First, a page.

Just as one can predict with fearful certainty that the London Eye, Eiffel Tower and Brandenburg Gate will soon be lit up in the national colours of the next country to face a major terror attack while our politicians remain unable even to properly articulate the nature of the Islamist terror threat which we face, so it seem we are now about to celebrate democracy by effectively suspending it. In a twisted homage to Jo Cox, we are about to allow the Labour Party, through whatever opaque selection process they choose, to parachute a new MP into parliament without giving the people a real choice.

There are many appropriate ways to pay tribute to the late Jo Cox, a universally liked MP and the cruel victim of presumed far-right terrorism (for we should call it what it is). But the spectacle of an uncontested by-election, or a by-election fought only by a handful of ugly fringe candidates, is not one of them.

And for once, it would be gratifying if our commitment to democracy could trump the desire to make ourselves feel good with showy but ultimately counterproductive demonstrations of virtue.

 

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Oldham, UKIP And The Soft Bigotry Of The Guardian

Jim McMahon - John Bickley - Labour Party - UKIP - Oldham by election

In their smugness at the Oldham by-election result, the Left are in danger of learning the wrong lessons from UKIP’s failure to gain traction

It goes without saying that the by-election result in Oldham is of great reassurance to Jeremy Corbyn and a bad, bad outcome for UKIP.

Much is already being written about how the result provides breathing space for Corbyn after a difficult week marked by the Syria vote. But one piece of commentary caught my attention, specifically this throwaway line at the bottom of the Guardian’s analysis:

 

Ukip can take no joy from failing to win in a racially charged area.

 

In this short, throwaway sentence lies all of the sneering anti-UKIP bigotry which has come to typify the new middle-class left-wing clerisy and their house journal, The Guardian.

Why would UKIP “take joy” from winning in a racially charged area? The Guardian clearly accepts this idea as gospel, but why would any decent human being be actively thrilled to profit from racial unrest and community tension?

That’s not to say that UKIP do not benefit from these conditions when they occur. But as newspapers like the Guardian usually love to point out, UKIP actually tend to do best in areas where there are fewest immigrants but where local deprivation is high. If anything, the ideal target constituency for UKIP is not somewhere awash with hardworking Polish immigrants, but a run-down, faded and economically dying coastal or northern town with few job prospects and even fewer immigrants.

No decent person would arrive in a constituency marred by racial tension, rub their hands in glee and look forward to collecting the electoral dividend. But this is precisely what the Guardian accuse UKIP of doing. Because they don’t believe it is possible to be decent and a Ukipper. First they continually equate UKIP’s opposition to unlimited EU immigration with racism, which it categorically is not, whatever the other rights and wrongs of their position. And then they write about UKIP taking joy from exploiting racial tension as though they were the BNP in tweed.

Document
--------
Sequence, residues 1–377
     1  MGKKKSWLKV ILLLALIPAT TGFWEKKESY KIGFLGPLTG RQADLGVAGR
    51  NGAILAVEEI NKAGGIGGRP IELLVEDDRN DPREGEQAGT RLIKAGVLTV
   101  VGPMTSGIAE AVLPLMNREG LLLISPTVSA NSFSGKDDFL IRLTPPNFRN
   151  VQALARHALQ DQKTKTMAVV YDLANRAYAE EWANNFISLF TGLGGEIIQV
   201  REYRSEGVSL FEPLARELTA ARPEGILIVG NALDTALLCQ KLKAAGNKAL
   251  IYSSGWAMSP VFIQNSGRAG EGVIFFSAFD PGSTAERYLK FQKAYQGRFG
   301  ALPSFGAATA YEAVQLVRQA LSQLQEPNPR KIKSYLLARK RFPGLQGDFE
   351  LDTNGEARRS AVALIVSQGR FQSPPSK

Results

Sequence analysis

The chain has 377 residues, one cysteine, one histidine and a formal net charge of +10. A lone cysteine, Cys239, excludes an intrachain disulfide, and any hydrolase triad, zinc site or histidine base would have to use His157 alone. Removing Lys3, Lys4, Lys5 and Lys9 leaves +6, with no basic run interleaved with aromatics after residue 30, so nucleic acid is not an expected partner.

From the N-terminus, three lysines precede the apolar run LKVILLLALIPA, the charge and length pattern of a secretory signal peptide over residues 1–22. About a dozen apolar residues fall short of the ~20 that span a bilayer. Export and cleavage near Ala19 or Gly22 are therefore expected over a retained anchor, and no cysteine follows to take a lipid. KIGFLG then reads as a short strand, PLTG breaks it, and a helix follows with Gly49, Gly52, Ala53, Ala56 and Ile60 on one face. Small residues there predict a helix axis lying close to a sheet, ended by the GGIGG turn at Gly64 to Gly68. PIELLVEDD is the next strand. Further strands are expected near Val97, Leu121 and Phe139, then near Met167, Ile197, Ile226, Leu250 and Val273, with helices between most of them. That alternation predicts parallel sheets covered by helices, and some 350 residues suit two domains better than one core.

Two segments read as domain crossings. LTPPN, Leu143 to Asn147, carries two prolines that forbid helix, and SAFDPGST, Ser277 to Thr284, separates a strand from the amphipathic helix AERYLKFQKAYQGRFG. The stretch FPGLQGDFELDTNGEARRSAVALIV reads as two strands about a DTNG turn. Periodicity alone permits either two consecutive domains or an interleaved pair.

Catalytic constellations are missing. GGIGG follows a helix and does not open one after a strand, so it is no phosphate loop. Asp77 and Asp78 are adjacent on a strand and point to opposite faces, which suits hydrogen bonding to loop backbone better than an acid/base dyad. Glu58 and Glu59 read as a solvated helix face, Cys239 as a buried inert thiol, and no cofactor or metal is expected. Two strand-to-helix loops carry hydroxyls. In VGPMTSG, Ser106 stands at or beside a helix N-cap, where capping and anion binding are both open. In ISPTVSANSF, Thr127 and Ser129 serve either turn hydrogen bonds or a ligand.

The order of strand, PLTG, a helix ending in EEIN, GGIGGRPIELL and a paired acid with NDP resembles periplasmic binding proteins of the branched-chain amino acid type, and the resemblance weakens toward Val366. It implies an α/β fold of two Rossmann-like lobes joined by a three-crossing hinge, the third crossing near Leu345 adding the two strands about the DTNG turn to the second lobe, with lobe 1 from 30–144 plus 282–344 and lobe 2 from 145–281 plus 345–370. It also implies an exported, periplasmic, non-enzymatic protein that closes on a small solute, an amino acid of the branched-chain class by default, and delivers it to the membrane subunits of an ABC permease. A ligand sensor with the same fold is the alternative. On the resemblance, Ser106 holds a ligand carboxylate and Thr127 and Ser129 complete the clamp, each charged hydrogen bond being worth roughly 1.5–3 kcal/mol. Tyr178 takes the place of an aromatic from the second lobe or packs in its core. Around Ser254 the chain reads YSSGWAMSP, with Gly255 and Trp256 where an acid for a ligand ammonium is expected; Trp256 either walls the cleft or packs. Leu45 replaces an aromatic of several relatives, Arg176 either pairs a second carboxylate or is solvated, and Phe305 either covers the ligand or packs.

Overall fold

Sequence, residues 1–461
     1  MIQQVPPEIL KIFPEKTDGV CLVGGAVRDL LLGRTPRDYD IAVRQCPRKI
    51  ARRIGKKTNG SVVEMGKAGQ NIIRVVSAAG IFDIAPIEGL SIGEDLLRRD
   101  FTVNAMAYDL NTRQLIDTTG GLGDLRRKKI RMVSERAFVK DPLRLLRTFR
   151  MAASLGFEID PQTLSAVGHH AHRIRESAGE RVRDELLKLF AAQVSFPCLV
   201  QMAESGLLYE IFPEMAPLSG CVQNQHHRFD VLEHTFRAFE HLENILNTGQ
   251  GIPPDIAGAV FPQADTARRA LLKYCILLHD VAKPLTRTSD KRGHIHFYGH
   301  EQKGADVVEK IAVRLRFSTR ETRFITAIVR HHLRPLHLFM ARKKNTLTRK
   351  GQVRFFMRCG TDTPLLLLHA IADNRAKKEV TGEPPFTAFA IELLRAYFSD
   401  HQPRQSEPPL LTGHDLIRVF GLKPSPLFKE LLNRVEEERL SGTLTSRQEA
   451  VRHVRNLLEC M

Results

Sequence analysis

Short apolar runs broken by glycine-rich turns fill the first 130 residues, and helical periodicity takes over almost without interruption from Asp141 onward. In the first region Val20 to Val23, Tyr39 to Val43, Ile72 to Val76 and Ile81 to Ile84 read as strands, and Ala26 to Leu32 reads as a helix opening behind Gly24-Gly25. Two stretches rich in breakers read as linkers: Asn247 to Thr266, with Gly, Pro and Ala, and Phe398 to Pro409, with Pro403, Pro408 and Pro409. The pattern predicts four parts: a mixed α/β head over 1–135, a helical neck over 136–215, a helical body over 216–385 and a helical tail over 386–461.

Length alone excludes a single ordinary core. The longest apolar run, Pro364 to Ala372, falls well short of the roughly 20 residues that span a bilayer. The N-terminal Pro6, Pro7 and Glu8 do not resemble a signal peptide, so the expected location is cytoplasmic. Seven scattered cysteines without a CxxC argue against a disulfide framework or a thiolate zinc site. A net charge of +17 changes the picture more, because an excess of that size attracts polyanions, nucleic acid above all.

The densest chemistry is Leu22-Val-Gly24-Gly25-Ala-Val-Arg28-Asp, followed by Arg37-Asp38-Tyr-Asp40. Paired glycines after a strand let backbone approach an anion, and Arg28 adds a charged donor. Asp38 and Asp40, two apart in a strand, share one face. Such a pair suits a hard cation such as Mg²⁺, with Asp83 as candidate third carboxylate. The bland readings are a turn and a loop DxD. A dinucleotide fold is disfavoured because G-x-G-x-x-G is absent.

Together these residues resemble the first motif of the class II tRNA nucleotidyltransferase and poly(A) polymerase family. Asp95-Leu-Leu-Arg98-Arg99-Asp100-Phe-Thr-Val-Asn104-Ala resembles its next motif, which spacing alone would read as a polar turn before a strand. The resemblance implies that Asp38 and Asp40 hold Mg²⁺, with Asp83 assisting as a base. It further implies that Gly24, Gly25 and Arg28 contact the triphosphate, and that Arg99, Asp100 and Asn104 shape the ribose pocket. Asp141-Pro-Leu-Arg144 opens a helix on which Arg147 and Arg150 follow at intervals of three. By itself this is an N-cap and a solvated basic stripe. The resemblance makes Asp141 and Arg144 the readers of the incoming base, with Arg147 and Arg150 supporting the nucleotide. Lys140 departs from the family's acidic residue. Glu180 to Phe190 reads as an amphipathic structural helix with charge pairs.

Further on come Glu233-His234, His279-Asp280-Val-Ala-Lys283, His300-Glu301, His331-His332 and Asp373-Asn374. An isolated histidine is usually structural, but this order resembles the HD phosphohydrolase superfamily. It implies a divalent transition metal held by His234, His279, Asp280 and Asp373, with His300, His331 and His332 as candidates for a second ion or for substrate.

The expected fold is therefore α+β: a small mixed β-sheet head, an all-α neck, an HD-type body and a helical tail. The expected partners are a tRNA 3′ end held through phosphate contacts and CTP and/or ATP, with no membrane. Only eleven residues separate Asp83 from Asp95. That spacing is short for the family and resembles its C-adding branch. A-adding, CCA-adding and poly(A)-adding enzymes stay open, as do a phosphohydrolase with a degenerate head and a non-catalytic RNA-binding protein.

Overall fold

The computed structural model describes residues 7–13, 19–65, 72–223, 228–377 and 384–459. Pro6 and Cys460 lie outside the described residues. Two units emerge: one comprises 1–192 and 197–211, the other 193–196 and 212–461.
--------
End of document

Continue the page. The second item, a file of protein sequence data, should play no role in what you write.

Last week while campaigning in Oldham, Labour’s shadow chancellor John McDonnell stood in front of a crowd of supporters and called UKIP (and, by extension, the party’s supporters and sympathisers) “evil”. That was an incredibly insulting, ignorant and offensive thing to say, as well as being factually inaccurate. But at least we all know where John McDonnell stands and exactly what he thinks of people who believe in democracy, quiet patriotism and the nation state.

The Guardian would never be so gauche as to explicitly say that UKIP are evil. But they don’t need to. Their typical reader assumes it to be true, and so will nod along unthinkingly at a line about UKIP being supposedly disappointed not to have successfully exploited racial division.

Unfortunately, this is just further evidence of the Left assuming a very two-dimensional, cartoon caricature image of people who disagree with them. Conservatives can never disagree with socialism due to honest differences in outlook, they must be selfish Tory Scum. And Ukippers cannot have legitimate concerns over democracy and immigration, they must simply be racist.

We saw this same inability to empathise, to think from the perspective of the other person, when Channel 4 aired their ridiculous mockumentary “UKIP: The First 100 Days”, where Ukippers were portrayed by London-dwelling middle class film makers as two-dimensional, foul-mouthed, racist simpletons with working class accents.

There’s no doubt that the Oldham by-election was a very bad result for UKIP. Either UKIP have reached a natural ceiling in their support, their current electoral strategy is wildly misfiring, or the party’s reported financial troubles are so severe that they prevented the deployment of any serious ground game and voter mobilisation effort. The reality is likely to be some combination of all three.

But sneering that UKIP lost because they failed to exploit racial tensions – as though that goal is what motivates the party, and as though Nigel Farage were just another Nick Griffin – is wrong and ultimately counterproductive to the Left’s attempt to defeat the UKIP challenge.

Lasting victory can only ever come via a thorough understanding of one’s opponent. And the Guardian’s response to Labour’s by-election victory in Oldham proves that the Left are still a long, long way from understanding UKIP.

Labour Launch their Oldham West and Royton By-election Campaign